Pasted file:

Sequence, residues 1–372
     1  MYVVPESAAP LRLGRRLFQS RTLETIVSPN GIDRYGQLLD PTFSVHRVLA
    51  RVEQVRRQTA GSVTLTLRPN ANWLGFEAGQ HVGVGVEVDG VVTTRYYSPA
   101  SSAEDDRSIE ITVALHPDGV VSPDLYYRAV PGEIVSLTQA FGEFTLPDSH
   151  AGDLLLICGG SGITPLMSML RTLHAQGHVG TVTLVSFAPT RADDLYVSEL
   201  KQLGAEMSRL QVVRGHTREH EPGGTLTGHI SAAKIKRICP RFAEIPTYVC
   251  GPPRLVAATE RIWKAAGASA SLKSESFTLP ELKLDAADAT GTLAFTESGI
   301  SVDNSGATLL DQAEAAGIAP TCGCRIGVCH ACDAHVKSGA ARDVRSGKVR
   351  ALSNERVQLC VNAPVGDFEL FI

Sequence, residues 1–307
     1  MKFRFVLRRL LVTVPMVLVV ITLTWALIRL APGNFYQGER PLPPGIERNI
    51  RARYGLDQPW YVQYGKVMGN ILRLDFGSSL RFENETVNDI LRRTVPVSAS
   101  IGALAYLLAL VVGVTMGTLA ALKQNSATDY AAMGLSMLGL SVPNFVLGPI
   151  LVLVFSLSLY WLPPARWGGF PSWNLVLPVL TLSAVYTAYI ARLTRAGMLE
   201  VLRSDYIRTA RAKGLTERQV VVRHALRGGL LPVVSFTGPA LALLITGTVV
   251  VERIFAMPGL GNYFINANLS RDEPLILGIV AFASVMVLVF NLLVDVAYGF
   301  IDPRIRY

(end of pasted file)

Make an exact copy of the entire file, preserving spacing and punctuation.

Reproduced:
Sequence, residues 1–372
     1  MYVVPESAAP LRLGRRLFQS RTLETIVSPN GIDRYGQLLD PTFSVHRVLA
    51  RVEQVRRQTA GSVTLTLRPN ANWLGFEAGQ HVGVGVEVDG VVTTRYYSPA
   101  SSAEDDRSIE ITVALHPDGV VSPDLYYRAV PGEIVSLTQA FGEFTLPDSH
   151  AGDLLLICGG SGITPLMSML RTLHAQGHVG TVTLVSFAPT RADDLYVSEL
   201  KQLGAEMSRL QVVRGHTREH EPGGTLTGHI SAAKIKRICP RFAEIPTYVC
   251  GPPRLVAATE RIWKAAGASA SLKSESFTLP ELKLDAADAT GTLAFTESGI
   301  SVDNSGATLL DQAEAAGIAP TCGCRIGVCH ACDAHVKSGA ARDVRSGKVR
   351  ALSNERVQLC VNAPVGDFEL FI

Sequence, residues 1–307
     1  MKFRFVLRRL LVTVPMVLVV ITLTWALIRL APGNFYQGER PLPPGIERNI
    51  RARYGLDQPW YVQYGKVMGN ILRLDFGSSL RFENETVNDI LRRTVPVSAS
   101  IGALAYLLAL VVGVTMGTLA ALKQNSATDY AAMGLSMLGL SVPNFVLGPI
   151  LVLVFSLSLY WLPPARWGGF PSWNLVLPVL TLSAVYTAYI ARLTRAGMLE
   201  VLRSDYIRTA RAKGLTERQV VVRHALRGGL LPVVSFTGPA LALLITGTVV
   251  VERIFAMPGL GNYFINANLS RDEPLILGIV AFASVMVLVF NLLVDVAYGF
   301  IDPRIRY